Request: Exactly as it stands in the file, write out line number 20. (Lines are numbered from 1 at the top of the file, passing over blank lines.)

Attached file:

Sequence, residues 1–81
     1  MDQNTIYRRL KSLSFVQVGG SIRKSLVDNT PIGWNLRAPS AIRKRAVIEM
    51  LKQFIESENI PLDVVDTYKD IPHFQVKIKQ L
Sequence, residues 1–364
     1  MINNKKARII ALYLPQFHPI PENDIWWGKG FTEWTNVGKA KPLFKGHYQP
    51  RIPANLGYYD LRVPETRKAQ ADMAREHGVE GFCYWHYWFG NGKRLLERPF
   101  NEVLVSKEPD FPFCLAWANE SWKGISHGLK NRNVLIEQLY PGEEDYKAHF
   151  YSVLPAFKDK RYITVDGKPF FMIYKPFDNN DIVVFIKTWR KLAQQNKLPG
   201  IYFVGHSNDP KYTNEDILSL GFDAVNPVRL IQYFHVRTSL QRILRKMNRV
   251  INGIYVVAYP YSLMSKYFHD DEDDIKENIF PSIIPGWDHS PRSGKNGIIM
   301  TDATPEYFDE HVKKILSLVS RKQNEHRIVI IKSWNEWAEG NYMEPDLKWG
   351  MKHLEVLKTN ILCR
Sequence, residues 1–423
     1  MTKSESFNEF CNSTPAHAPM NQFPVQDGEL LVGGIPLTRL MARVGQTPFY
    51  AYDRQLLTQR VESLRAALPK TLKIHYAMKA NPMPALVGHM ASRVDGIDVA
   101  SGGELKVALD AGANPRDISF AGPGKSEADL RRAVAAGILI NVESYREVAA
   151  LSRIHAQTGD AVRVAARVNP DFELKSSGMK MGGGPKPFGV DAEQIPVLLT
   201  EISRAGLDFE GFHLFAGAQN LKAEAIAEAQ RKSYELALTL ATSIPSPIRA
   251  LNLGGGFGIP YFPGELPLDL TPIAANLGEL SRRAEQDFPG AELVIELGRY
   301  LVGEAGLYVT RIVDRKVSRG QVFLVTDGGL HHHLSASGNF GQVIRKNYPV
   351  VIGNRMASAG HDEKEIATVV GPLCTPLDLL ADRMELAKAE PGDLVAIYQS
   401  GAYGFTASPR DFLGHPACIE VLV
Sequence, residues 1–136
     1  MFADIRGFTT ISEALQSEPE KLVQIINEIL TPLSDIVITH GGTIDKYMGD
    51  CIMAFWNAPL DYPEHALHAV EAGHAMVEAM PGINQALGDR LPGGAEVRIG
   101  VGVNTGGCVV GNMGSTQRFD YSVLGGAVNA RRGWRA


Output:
   301  LVGEAGLYVT RIVDRKVSRG QVFLVTDGGL HHHLSASGNF GQVIRKNYPV